So what did Zuckerberg do with this insight? Why, he did the smartest thing he could do:
In the fall of 2006 Zuckerberg set out to realize his long-held vision of a platform for others to build applications on top of Facebook. He wanted to do for the Web what Gates did for the personal computer: create a standard software infrastructure that made it easier to build applications - this time, applications that had a social component. “We want to make Facebook into something of an operating system, so you can run full applications” he explained. - The Facebook Effect, pg. 217
And with that, an entire industry was born. But two years later, Sandberg promptly killed it.
You may ask why, but the answer is simple. It’s the reason that Facebook treats its users privacy like a play thing, and the reason that Twitter has started down the path of injecting unwanted content into their user experience. It’s the reason that App.net exists, and the reason that this is an Internet meme:
If you are building an advertising/media business, it would then follow that you need to own all of the screen real-estate that users see. The next logical step would be to kill all 3rd-party clients, and lock down the data in the global firehose in order to control the “content”. - Dalton Caldwell
When a company lacks a customer, the product is built for the user. The selection of a customer is the most important user experience decision a company makes. Pick the wrong customer, like advertisers, and the user experience is destined to get worse. Pick the right customer, and your business will grow to the delight of your users, instead of to their despair.
So who was the right customer for Facebook? It certainly wasn’t advertisers. Let’s have a look at what that business model has done for them lately:
However, I’m convinced Mark Zuckerberg already had it figured out, but he stopped short and hired an advertising incumbent to deal with the problem while he went off to an ashram in India.
While App.net seeks to charge both users and API developers for an ad-free social ecosystem, and Facebook continues to flounder in advertising hell because of Sheryl Sandberg’s influence at the company, a middle ground exists that I admit I have not seen anyone mention, but it seems too obvious to have not been considered.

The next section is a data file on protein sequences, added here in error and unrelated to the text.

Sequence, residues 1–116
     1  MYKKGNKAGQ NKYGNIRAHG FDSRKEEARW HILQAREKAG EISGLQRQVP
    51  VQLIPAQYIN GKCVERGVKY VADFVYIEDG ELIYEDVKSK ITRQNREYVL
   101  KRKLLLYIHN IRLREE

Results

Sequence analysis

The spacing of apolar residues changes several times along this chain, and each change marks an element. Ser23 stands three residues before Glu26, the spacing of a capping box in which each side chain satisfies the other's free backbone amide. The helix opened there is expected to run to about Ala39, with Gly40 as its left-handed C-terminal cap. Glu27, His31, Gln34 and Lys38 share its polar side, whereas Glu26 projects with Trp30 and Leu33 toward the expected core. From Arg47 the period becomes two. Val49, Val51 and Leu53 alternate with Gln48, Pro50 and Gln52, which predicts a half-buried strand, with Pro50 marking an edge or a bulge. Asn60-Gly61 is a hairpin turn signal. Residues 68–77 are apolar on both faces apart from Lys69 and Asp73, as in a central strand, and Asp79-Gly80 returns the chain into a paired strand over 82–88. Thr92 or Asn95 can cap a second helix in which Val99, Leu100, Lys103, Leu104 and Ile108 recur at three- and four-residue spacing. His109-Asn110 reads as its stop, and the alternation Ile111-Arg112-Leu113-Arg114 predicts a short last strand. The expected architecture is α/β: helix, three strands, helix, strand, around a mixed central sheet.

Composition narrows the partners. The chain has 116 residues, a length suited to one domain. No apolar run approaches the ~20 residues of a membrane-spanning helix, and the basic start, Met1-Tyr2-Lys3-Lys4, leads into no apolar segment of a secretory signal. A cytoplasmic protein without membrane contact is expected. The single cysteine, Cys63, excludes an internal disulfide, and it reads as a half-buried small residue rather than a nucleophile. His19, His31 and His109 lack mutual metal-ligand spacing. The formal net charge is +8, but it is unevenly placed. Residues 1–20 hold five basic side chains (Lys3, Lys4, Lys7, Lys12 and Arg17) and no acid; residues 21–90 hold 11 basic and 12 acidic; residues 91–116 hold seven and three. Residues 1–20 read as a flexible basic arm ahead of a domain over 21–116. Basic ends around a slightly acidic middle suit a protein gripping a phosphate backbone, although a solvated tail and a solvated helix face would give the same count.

That middle ground is to allow users to have free access to the consumer facing product on the home site, and to charge API developers for access to the social graph that you create.
As Zuckerberg made abundantly clear, there is massive value in the social graph and the ability to build applications on top of it. I believe the value is greater than all of the advertising revenue generated on the web to date.
What is the best way to monetize the social graph? To sell access to the social graph!
While Zuckerberg had been forced by circumstance to accept advertising, he did so only so he could pay the bills. Whenever anyone asked about his priorities, he was unequivocal - growth and continue improvement in the customer experience were more important than monetization. - The Facebook Effect, pg. 258
The point is simply this: Zuckerberg is the CEO of Facebook. He was never interested in devising a way for Facebook to make money on the social graph. His instinct was to avoid the problem of monetization and focus on the Facebook product. So he empowered Sandberg to solve the problem. His instinct was correct - he needed to have someone else find a solution. However, he should have been empowering the developers building apps on the social graph to fix the problem - even if they had to pay for the right to do so. Those developers can then figure out if advertising, or micro transactions, or payed access is the best way to monetize the social graph.
Zuckerberg’s move should be to fire Sandberg, and give her a generous severance package. Thereafter, he should slowly phase in an incredibly developer-friendly API to access to the social graph. Then, as the revenue from the API grows, he should slowly phase advertising out of Facebook’s ecosystem.
Sandberg should start an ad agency on the East Coast. Miami is nice. That’s a job she’s qualified to do. Her rampant lack of business creativity should have no place in centers of innovation.